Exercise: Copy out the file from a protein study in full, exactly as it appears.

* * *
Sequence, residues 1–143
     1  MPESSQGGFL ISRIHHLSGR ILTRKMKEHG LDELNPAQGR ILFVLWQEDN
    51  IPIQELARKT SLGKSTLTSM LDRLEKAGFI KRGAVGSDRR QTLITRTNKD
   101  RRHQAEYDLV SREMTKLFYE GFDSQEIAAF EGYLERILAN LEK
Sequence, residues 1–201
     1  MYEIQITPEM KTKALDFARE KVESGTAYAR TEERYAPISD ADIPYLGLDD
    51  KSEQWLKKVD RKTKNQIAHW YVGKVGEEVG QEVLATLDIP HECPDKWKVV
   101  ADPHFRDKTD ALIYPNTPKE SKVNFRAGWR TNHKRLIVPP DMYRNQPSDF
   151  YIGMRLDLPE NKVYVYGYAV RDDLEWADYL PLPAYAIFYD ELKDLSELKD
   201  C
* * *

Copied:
Sequence, residues 1–143
     1  MPESSQGGFL ISRIHHLSGR ILTRKMKEHG LDELNPAQGR ILFVLWQEDN
    51  IPIQELARKT SLGKSTLTSM LDRLEKAGFI KRGAVGSDRR QTLITRTNKD
   101  RRHQAEYDLV SREMTKLFYE GFDSQEIAAF EGYLERILAN LEK
Sequence, residues 1–201
     1  MYEIQITPEM KTKALDFARE KVESGTAYAR TEERYAPISD ADIPYLGLDD
    51  KSEQWLKKVD RKTKNQIAHW YVGKVGEEVG QEVLATLDIP HECPDKWKVV
   101  ADPHFRDKTD ALIYPNTPKE SKVNFRAGWR TNHKRLIVPP DMYRNQPSDF
   151  YIGMRLDLPE NKVYVYGYAV RDDLEWADYL PLPAYAIFYD ELKDLSELKD
   201  C